|The following article features coverage from the 2021 Annual Meeting of the Society of Hematologic Oncology (SOHO). Click here to read more of Cancer Therapy Advisor’s conference coverage.|
Dasatinib demonstrates efficacy in patients with chronic phase chronic myeloid leukemia (CML-CP) across all Charlson Comorbidity Index (CCI) groups, according to a post hoc analysis of the DASISION trial.1
These results suggest that comorbidities do not negatively affect the activity of tyrosine kinase inhibitors, according to a poster describing the analysis, which was presented at the Annual Meeting of the Society of Hematologic Oncology (SOHO).
In the phase 3 DASISION trial (ClinicalTrials.gov Identifier: NCT00481247) researchers compared dasatinib with imatinib in patients with newly diagnosed CML-CP. Five-year results from the trial showed faster and deeper responses with dasatinib but similar survival outcomes between the treatment arms.2
Researchers conducted an exploratory analysis to determine if comorbidities had an effect on the efficacy of dasatinib, as comorbidities are known to be common among patients with CML-CP.
Of the 519 patients enrolled in DASISION, 14 (3%) had a CCI of 2-4, 260 (50%) had a CCI of 5-6, and 245 (47%) had a CCI of 7 or greater.
The researchers noted that dasatinib improved response rates in the CCI 2-4 group, but the small patient number “precludes any clinical correlation.”
Among patients with a CCI of 5-6, dasatinib significantly improved response rates compared with imatinib. Patients treated with dasatinib had higher rates of major molecular response (MMR) — 81.1% vs 64.8% (P =.0033) — and deep molecular response (MR4.5) — 42.4% vs 29.7% (P =.0329).
Among patients with a CCI of 7 or greater, the MMR rate was numerically higher with dasatinib than with imatinib, but the difference was not statistically significant — 70.8% and 64.0%, respectively (P =.2552). The same was true for the MR4.5 rate (45.0% vs 39.2%; P =.3589).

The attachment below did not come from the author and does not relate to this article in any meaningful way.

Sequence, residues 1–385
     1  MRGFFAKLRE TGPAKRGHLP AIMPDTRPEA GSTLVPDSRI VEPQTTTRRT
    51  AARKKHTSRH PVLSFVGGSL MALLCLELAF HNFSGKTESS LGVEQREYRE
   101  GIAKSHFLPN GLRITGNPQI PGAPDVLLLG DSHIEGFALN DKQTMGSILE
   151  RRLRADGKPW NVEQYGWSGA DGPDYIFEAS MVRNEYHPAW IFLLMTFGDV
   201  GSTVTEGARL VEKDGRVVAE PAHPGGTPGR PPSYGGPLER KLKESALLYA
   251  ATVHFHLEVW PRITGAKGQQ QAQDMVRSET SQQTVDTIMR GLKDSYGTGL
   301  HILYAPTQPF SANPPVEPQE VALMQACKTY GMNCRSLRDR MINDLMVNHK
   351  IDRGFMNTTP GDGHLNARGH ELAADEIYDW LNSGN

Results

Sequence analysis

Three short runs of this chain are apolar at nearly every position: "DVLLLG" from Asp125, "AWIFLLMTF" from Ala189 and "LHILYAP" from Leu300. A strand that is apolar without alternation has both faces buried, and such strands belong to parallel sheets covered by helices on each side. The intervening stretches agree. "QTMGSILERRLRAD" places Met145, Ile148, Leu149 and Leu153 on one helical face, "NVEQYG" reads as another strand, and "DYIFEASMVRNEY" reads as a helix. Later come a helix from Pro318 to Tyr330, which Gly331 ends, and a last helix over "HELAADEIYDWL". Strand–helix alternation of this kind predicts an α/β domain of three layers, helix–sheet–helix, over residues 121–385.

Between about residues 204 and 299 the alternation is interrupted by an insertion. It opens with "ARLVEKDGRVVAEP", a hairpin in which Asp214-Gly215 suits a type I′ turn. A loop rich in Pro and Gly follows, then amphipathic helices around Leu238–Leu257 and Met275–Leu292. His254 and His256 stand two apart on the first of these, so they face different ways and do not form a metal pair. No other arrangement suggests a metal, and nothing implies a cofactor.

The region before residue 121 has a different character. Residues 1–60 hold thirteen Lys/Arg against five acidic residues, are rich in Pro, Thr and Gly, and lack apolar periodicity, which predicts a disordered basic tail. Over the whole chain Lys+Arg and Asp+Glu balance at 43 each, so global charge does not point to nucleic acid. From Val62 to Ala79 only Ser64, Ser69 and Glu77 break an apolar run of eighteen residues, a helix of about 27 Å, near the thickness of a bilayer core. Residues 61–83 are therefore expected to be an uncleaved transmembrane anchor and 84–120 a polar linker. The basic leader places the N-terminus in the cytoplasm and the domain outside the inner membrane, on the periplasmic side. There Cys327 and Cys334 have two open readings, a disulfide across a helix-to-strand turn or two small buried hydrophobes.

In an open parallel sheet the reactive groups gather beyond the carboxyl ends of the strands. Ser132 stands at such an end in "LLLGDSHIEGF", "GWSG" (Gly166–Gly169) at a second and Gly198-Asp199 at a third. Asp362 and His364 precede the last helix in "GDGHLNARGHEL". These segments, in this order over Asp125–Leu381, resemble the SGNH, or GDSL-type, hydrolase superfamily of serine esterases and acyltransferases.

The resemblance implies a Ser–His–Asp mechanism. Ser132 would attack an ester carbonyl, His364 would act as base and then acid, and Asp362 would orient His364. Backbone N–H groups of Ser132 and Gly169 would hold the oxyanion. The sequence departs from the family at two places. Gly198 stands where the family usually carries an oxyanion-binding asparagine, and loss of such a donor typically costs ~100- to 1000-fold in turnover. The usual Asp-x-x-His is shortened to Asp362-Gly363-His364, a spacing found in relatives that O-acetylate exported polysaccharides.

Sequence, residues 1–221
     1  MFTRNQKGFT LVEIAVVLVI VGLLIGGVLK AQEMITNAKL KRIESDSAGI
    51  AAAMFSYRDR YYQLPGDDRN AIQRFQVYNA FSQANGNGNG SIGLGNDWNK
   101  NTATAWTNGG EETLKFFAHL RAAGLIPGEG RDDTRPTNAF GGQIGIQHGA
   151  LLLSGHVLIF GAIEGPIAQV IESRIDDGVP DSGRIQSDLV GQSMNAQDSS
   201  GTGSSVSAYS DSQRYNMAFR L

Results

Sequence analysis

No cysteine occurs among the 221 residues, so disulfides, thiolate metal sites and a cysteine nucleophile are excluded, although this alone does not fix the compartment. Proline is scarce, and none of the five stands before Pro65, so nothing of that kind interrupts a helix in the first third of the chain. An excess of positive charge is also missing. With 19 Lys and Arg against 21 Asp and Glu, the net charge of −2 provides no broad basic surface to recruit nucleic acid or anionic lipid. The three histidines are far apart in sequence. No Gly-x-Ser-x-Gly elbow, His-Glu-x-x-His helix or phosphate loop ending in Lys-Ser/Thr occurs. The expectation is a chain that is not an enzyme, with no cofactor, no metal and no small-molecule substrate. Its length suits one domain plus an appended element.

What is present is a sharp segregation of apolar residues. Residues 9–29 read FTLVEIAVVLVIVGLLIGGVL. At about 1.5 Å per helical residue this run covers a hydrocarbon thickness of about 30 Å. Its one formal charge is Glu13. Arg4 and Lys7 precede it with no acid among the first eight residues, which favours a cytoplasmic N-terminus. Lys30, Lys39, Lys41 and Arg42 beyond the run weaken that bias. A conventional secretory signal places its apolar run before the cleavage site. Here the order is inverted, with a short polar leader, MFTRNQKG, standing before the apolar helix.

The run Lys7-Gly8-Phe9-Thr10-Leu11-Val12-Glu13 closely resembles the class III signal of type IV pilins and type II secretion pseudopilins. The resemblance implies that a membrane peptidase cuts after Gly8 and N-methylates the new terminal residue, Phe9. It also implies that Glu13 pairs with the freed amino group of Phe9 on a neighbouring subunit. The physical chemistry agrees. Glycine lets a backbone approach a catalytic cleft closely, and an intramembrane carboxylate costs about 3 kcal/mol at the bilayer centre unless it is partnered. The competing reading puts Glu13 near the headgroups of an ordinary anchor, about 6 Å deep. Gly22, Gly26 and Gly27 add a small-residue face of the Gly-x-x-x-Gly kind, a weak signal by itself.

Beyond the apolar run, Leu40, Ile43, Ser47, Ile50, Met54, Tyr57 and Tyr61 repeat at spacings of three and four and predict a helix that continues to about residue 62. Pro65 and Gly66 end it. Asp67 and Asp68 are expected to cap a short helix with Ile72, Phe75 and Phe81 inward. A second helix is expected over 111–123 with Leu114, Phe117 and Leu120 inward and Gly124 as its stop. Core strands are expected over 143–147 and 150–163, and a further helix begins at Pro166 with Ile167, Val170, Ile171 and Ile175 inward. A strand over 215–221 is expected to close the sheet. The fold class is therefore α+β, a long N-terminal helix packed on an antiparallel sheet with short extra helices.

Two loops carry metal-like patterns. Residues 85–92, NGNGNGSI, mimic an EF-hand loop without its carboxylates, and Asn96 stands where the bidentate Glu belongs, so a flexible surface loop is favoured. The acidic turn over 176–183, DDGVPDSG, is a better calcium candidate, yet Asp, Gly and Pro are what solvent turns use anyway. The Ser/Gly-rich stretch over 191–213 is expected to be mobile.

The median time to MMR in patients with a CCI of 5-6 was significantly shorter with dasatinib than with imatinib — 15.0 months and 24.0 months, respectively (hazard ratio [HR], 1.64; 95% CI, 1.23-2.19; P =.0006).
Likewise, among patients with a CCI of 7 or greater, the median time to MMR was significantly shorter with dasatinib than with imatinib — 12.0 months and 21.4 months, respectively (HR, 1.41; 95% CI, 1.04-1.91; P =.0279).
Rates of grade 3/4 treatment-related adverse events (TRAEs) — in the dasatinib and imatinib arms, respectively — were 0% and 14% in the CCI 2-4 group, 8% and 9% in the CCI 5-6 group, and 24% and 13% in patients with a CCI of 7 or greater.
There were no grade 3/4 TRAEs leading to discontinuation in the CCI 2-4 group. For the other CCI groups, rates of grade 3/4 TRAEs leading to discontinuation were similar between the treatment arms.
Patients treated with dasatinib had higher rates of pleural effusion than did patients who received imatinib in both the CCI 5-6 group (18.2% vs 0.8%) and in patients with a CCI of 7 or greater (41.2% vs 0.8%).
“From both a safety and efficacy perspective, these findings support the use of dasatinib as first-line treatment in patients with CML-CP and substantial comorbidity burden,” the researchers concluded.
Disclosures: This research was supported by Bristol Myers Squibb. Some study authors declared affiliations with biotech, pharmaceutical, and/or device companies. Please see the original reference for a full list of authors’ disclosures.
Read more of Cancer Therapy Advisor’s coverage of SOHO 2021 by visiting the conference page.
1. Breccia M, Mauro M, Jabbour E, et al. Effects of comorbidities on response outcomes with first-line tyrosine kinase inhibitors, dasatinib versus imatinib, in patients with chronic myeloid leukemia in chronic phase: Exploratory post hoc analysis of DASISION. Paper presented at: Annual Meeting of the Society of Hematologic Oncology (SOHO); September 8-11, 2021.
2. Cortes JE, Saglio G, Kantarjian HM, et al. Final 5-year study results of DASISION: The dasatinib versus imatinib study in treatment-naïve chronic myeloid leukemia patients trial. J Clin Oncol. 2016;34(20):2333-40. doi:10.1200/JCO.2015.64.8899